formed on lee slopes may have been created by small depressions on the bed or by boulders wedged between bedrock and ice. On the basis of the evidence presented, it is more probable that potholes on Pothole Dome were eroded by subglacial water and not by the moulin plunge-pool method. The orientation of flutes simply does not suggest water falling onto the bed and dispersing radially or downslope from each pothole.

Figure 6 summarizes the glaciofluvial features (features due to sub-glacial water erosion) as well as the trend of glacial striations (which indicate ice flow direction) and bedrock features (joints and dikes) on the southwest and west flanks of Pothole Dome. The two features, termed curved channels in Figure 6, are not potholes. They are one variety of a large group of subglacially produced hollows collectively known as plastically-molded forms or p-forms. See Balogh (1976) for a discussion of p-forms in the Tuolumne region.

Pothole Dome is not the only example of glaciofluvial erosion in the Tuolumne region. During the summer of 1975, 279 potholes-of definite subglacial origin were found in the southwest quarter of Tuolumne Meadows Quadrangle. Because there is extensive field evidence for glaciofluvial erosion in the Tuolumne area and because Pothole Dome is so accessible to the Park visitor, this author encourages the placement of an interpretive sign at the Pothole Dome turnout on Tioga Road describing glaciofluvial features. The fascinating origin of the potholes could then be explained to all interested visitors.

Figure 6: Glaciofluvial Features of Pothole Dome
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Figure 5. . . .
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Figure 5. Subglacial pothole chain on Pothole Dome (mapped in Figure 6). Well rounded, spherical grinding stones are preserved in the pothole at left. Scale resting on the largest stone is 17.0 cm long. Ice flow was toward the reader. Bedrock is Cathedral Peak Granite. This pothole chain is located in the lee, with respect to ice flow, of a downward step. Evidently, this step is the edge of an exfoliation sheet but no trace of a joint was observed here, although some are shown in the distance just to the right of the largest tree in the foreground. A different set of shallowly dipping exfoliation joints is exposed on the slope and in the wall of the pothole at left.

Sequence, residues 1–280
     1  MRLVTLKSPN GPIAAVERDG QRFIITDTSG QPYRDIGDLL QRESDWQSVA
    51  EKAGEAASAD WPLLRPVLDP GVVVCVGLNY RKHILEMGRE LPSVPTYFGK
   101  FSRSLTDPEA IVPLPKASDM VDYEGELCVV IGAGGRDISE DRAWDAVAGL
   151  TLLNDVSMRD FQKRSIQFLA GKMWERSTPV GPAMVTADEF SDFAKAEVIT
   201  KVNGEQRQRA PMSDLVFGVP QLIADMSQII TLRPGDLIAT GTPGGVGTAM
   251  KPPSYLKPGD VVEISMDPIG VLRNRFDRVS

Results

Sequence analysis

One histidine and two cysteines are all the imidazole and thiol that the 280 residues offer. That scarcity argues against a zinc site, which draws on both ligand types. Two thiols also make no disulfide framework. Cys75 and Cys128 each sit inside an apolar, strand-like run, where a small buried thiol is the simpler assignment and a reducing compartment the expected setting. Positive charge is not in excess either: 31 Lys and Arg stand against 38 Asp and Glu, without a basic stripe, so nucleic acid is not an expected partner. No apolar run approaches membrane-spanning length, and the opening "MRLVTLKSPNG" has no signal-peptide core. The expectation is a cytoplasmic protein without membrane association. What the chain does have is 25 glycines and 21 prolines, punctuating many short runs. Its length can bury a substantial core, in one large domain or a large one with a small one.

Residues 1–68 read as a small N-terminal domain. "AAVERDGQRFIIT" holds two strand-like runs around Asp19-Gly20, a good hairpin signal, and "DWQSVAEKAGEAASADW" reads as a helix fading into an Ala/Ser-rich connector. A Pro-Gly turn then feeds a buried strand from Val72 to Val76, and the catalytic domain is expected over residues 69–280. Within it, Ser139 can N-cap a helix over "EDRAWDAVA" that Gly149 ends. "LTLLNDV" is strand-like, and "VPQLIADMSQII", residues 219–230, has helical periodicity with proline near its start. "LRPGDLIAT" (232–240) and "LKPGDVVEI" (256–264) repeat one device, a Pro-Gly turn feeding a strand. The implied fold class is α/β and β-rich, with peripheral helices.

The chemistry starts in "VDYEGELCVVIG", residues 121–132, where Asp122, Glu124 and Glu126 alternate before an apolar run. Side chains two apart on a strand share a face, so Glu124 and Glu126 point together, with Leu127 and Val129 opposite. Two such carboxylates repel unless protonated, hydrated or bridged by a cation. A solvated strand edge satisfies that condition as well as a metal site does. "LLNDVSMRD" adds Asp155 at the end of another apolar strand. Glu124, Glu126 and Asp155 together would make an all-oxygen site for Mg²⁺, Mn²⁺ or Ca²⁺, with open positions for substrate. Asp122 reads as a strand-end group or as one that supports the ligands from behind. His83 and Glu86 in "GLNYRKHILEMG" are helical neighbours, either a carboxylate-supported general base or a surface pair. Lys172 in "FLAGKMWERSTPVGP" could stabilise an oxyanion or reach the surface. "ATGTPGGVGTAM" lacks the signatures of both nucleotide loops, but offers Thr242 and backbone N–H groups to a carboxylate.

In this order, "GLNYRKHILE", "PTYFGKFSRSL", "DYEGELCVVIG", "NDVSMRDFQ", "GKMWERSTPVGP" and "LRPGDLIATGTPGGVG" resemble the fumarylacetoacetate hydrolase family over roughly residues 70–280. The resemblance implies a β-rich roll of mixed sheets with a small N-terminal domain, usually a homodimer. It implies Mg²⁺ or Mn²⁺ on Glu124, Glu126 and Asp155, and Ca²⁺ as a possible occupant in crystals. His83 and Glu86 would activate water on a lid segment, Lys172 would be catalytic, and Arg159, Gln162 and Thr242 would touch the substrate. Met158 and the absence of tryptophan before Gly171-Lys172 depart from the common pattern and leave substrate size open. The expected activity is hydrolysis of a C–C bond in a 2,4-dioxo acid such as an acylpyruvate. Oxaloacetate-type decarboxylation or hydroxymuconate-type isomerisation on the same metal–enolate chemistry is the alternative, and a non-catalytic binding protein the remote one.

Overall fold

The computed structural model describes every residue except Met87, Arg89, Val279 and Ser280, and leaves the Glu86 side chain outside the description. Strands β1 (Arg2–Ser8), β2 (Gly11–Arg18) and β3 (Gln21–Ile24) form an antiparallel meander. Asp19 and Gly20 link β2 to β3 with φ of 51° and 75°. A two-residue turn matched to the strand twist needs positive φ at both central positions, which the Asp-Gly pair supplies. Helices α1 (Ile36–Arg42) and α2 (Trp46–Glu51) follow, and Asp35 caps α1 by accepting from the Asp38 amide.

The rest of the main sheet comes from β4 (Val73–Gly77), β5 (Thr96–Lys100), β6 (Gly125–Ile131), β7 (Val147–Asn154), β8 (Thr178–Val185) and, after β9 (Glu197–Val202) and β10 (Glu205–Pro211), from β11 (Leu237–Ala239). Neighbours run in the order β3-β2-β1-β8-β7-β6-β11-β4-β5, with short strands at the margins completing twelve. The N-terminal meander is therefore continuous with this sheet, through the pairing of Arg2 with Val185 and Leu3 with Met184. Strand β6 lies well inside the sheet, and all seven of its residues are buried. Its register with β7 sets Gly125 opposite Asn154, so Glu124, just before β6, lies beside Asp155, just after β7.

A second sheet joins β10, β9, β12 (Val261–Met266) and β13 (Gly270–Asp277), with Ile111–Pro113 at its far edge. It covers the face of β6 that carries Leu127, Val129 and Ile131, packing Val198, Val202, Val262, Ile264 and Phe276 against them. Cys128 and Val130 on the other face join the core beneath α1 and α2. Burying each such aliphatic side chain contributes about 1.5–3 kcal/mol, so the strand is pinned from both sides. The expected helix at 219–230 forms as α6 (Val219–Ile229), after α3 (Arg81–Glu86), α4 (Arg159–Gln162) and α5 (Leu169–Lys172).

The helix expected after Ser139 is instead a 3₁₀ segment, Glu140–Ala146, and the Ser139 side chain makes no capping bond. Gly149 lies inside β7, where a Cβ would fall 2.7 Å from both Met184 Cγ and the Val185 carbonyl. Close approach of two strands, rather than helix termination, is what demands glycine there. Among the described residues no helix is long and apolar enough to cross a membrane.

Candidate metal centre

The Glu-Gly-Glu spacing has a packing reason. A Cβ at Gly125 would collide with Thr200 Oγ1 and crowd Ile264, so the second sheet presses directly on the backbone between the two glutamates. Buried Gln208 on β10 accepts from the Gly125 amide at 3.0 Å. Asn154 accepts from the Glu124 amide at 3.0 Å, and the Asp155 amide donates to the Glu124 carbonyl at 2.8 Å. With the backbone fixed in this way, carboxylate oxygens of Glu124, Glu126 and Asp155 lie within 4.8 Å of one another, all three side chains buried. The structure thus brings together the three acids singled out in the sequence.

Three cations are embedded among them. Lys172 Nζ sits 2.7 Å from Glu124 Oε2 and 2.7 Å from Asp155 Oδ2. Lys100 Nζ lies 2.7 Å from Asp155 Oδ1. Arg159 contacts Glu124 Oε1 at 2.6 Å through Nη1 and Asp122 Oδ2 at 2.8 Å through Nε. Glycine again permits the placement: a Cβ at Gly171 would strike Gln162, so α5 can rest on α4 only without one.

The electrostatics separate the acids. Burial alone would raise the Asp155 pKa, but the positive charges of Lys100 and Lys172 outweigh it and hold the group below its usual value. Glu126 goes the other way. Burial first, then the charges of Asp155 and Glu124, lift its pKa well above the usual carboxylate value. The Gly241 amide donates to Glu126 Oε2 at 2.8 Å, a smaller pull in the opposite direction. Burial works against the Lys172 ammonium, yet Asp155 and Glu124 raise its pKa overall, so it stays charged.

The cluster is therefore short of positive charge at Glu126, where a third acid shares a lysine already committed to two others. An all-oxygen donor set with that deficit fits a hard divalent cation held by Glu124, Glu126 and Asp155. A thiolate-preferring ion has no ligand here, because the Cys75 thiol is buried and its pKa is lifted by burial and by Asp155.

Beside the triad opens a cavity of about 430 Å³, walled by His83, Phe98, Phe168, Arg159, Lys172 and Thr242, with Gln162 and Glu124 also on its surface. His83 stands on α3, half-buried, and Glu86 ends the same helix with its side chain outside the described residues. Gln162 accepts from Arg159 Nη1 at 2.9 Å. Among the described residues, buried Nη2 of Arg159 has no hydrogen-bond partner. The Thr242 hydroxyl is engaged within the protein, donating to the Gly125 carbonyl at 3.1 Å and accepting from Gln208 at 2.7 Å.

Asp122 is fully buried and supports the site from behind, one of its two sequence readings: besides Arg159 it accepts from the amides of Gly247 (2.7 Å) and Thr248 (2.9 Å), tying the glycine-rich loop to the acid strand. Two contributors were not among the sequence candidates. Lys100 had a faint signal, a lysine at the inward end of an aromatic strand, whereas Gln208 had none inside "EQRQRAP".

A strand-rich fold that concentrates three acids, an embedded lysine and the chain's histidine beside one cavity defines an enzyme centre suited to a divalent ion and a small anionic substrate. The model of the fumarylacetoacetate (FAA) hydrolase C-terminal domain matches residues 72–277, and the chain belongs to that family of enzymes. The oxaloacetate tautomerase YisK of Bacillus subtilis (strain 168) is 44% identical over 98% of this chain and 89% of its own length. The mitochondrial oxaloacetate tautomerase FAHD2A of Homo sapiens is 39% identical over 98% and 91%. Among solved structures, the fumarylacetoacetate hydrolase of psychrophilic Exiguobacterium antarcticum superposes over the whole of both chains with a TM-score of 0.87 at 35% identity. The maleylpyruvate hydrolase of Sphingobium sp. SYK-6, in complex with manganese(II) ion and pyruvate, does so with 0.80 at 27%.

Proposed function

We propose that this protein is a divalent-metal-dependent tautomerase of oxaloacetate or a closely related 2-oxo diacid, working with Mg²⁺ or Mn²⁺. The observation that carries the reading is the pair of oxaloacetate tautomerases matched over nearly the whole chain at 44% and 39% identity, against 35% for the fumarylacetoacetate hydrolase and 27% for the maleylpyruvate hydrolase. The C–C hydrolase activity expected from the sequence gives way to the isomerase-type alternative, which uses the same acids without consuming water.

References Cited

Alexander, H.S., 1932, Pothole erosion: Jour. Geol., V. 40, p. 305-337.

Allen J. R. L., 1971, Transverse erosional marks of mud and rock; their physical basis and geological significance: Sed. Geol., V. 5, No. 3-4, p. 165-385.

Ängby, O., 1951, Pothole erosion in recent waterfalls: Lund Studies in Geography, Ser. A, No. 2, p. 1-34.

Balogh, R. S., 1976, Subglacial fluvial erosion in the vicinity of Tuolumne Meadows, Yosemite National Park, California: unpublished Masters Thesis, University of California, Los Angeles, 61 pages. (a copy of this work is in the Yosemite Research Library)

Charpentier, J. F., 1841, Essai sur les glaciers: Et sur le terrain erratique du bassin du Rhône. Lausanne, M. Ducloux. [Editor’s note: Test on Glaciers: And on erratic terrain of the Rhône basin —dea.]

Faegri, K., 1952, On the origin of potholes: Jour. Glaciology, V. 2, No. 11, p. 24-25.

Gilbert, G. K., 1906, Moulin work under glaciers: Bull. Geol. Soc. Am., V. 17, p. 317-320.

Hollingworth, S. E., 1951, Potholes and glacier mills; some comments on Dr. Streiff-Becker’s article: Jour. Glaciology, V. 1, No. 9, p. 490.

Shreve, R. L., 1972, Movement of water in glaciers; Jour. Glaciology, V. 11, No. 62, p.205-214.

Upham, W., 1900, Giant’s kettles eroded by moulin torrents: Bull. Geol. Soc. Am., V.12, p. 24-44.